Archaeology of the Mongolian Steppe

Archaeology & Culture

Archaeology of the Mongolian Steppe

What archaeological treasures await researchers at the Ikh Nart Nature Reserve in Mongolia?

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The facts

Why the research is important

Why the research is important

Ikh Nart Nature Reserve in Mongolia is home to the remains of thousands of years of human activities.

Help survey, chart, and plan for a major archaeological dig on a site that encompasses 6,000 years of human habitation.

Ikh Nart Nature Reserve in Mongolia is home to the remains of thousands of years of human activities. We need to know the kinds of archaeological sites, their locations, and their characteristics in order to develop a plan for conserving these fascinating remnants of human history.

The scientists have logged sites ranging from the New Stone Age (Neolithic) period about 6,000 years ago, an era marked by the domestication of herd animals, to sites from the Tibetan Buddhist period, from around the 13th century AD to 1937. Chronologically in between these are Bronze Age, Iron Age, Turkic, and Mongolian Empire sites.

The project has recorded burial features, structures, rock art, living sites, a stone tool quarry and workshop, and Buddhist monastery communities. It has also documented an array of artifacts: stone and metal arrowheads; ceramic vessel fragments from all periods; metal containers; horse trappings; a variety of stone cutting, piercing, and scraping tools; grinding implements; and metal tools and decorative items.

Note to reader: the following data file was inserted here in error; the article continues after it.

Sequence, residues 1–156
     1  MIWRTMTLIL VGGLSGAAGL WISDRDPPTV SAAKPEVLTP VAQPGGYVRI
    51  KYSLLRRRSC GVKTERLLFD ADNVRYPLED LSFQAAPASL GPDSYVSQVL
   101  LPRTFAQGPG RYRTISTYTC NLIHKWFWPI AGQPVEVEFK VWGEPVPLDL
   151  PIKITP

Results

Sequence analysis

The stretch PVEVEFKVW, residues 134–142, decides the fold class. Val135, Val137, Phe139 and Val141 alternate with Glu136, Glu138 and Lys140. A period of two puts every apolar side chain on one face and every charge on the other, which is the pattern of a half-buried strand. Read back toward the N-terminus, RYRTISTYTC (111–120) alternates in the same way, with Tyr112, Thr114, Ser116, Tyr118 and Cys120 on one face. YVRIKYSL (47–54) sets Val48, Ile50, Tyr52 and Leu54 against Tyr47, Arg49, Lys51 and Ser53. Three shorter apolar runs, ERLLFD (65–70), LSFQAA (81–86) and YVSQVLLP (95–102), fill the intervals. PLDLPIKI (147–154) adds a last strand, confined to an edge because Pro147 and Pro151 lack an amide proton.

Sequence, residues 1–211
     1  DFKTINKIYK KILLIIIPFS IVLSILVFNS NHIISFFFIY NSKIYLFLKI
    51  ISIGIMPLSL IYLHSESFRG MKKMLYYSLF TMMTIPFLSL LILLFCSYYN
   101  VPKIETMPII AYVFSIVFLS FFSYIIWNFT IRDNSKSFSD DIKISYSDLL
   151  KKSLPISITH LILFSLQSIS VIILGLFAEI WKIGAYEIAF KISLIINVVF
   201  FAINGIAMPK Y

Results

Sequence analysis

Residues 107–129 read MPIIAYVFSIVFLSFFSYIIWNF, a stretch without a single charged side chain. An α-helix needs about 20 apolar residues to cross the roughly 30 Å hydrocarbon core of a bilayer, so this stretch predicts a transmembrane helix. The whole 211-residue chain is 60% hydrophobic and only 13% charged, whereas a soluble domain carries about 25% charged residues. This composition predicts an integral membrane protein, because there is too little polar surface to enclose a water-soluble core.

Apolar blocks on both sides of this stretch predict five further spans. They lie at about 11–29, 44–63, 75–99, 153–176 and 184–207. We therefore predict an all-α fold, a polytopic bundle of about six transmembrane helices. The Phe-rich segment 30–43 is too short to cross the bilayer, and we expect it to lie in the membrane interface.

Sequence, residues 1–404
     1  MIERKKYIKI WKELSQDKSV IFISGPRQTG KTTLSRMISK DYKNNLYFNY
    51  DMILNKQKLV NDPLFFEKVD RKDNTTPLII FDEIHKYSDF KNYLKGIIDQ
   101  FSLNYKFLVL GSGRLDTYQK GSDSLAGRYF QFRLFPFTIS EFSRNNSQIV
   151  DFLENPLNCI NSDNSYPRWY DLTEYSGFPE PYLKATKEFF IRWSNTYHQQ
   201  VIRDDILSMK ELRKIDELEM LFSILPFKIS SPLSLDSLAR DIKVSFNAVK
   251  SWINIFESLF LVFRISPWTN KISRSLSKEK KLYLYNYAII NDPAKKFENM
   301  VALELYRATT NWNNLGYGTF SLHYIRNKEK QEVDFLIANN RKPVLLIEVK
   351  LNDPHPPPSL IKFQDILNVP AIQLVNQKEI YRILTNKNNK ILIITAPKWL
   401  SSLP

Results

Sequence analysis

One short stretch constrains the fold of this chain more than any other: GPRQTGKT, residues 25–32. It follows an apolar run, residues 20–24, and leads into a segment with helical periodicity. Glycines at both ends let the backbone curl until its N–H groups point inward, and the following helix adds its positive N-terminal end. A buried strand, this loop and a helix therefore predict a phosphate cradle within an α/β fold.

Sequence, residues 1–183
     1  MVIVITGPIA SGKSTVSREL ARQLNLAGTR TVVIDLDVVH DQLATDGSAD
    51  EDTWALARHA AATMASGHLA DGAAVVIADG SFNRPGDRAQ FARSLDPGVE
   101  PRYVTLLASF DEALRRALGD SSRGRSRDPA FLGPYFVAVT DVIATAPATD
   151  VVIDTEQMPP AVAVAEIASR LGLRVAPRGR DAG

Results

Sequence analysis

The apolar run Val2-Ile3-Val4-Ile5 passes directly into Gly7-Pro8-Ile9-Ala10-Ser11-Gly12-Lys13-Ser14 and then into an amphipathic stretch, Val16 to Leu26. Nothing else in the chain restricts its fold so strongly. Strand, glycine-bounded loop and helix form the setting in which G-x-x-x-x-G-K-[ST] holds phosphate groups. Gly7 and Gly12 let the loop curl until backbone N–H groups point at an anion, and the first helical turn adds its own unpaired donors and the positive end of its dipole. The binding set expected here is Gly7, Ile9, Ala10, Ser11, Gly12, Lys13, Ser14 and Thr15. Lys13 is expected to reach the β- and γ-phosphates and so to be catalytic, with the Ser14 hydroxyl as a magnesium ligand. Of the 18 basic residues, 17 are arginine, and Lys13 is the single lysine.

Archaeological site, Ikh Nart Nature Reserve, Mongolia

Help survey, chart, and plan for a major archaeological dig.

The project has already recorded 70 sites that will be registered at the Mongolian Institute of Archaeology in Ulaanbaatar, and it has found and noted the GPS locations of many more. As an Earthwatch volunteer, you’ll help the scientists investigate and mark some of these for preservation.

About the research area

Ikh Nart Nature Reserve, Dornogobi Aimag, Mongolia, Asia

Daily life in the field


This is a summary:



The Scientists


Associate State Archaeologist, California Department of Parks and Recreation

ABOUT Joan Schneider

Dr. Joan S. Schneider manages the archaeological aspects of this project. She received her M.S. and Ph.D. degrees in anthropology from the University of California, Riverside. Recently retired from her position as associate state archaeologist, Colorado Desert District, with the California State Parks, she continues to teach and pursue her research interests. Her archaeological research focuses on the reasons why prehistoric people (particularly women) chose certain stones for tools and vessels, and how the stone chosen relates to the tasks performed or uses of the artifacts. Dr. Schneider has worked for over 20 years in the deserts of the world, including the Colorado, Mojave, Sonoran, and Negev deserts. She has conducted field research projects in Israel and in Joshua Tree and Death Valley National Parks in the U.S., as well working as an archaeological field school director for the University of Nevada, Las Vegas.



Accommodations and Food

Accommodations and Food


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